Van der haegen says that, when the labeling and traceability legislation is in place, probably by fall, the EU will start approving biotech crops. "I am very hopeful that before the WTO consultations are finished, there will be renewed approvals of new GMOs," he says. "I have assurance from my American sources that once the pipeline is flowing again, they will not ask for a WTO dispute panel," he explains.

Hansen concurs. "Once the EU starts approving biotech crops, the U.S. is likely to pull the WTO suit back and declare victory. In the absence of a negative WTO ruling, the U.S. can still use the threat of a suit as a club against other countries, especially African nations," he says. The motivation for the U.S. suit is like that for a slap suit, intending to warn other countries not to regulate biotech crops, he says.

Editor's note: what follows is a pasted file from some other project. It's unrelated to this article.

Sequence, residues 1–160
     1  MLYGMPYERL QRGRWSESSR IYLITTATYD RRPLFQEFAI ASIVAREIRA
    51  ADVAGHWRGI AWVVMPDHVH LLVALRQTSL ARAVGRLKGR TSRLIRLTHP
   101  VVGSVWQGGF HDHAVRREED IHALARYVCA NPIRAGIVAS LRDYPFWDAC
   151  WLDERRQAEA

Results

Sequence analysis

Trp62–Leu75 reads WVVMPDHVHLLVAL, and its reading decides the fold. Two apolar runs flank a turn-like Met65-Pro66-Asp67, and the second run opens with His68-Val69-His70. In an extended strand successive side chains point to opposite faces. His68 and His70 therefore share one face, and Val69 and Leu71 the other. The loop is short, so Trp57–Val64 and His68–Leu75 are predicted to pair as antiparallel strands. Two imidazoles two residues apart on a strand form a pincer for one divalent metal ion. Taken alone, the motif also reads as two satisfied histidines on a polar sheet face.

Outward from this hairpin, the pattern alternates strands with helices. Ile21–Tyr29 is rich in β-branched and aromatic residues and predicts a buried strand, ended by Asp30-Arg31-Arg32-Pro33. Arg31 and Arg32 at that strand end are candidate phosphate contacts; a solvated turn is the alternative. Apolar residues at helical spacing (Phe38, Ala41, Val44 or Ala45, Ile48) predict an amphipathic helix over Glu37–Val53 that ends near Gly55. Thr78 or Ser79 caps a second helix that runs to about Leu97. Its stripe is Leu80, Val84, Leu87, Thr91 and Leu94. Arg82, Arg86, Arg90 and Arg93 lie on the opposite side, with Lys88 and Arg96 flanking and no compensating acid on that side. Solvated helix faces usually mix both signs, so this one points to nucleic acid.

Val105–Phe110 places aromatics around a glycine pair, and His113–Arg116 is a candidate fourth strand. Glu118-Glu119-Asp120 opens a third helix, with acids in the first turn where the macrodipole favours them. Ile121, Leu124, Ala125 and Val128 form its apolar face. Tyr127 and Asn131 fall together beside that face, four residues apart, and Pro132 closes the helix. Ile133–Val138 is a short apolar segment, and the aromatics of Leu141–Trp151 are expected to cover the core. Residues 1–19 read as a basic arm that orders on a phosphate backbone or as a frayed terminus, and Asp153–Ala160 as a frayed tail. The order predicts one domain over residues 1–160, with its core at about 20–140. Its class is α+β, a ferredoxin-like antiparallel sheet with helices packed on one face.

However, new crop approvals in the EU are likely to have little impact on imports, Hansen says. The major supermarket chains in Europe--Kellogg's, Tesco, Unilever--have all decided not to sell any biotech products because their customers don't want them.

Rodemeyer
PHOTOS BY BETTE HILEMAN
EVEN IN THE U.S.,
approval of a GM crop is no guarantee that it will be grown or marketed. Biotech crops, such as herbicide-tolerant sugar beets, flaxseed, potatoes, and high-laurate canola, have been approved but are not cultivated by U.S. farmers.

Some of these crops are not grown because major buyers have rejected them. Hershey, for example, has said it won't purchase sugar from biotech sugar beets, and McDonald's won't buy GM potatoes.

"In Europe, retailers are more vocal on this than anyone," Fernandez says. "They are trying to out-compete each other in saying, 'We will never have a product that is labeled GM.' "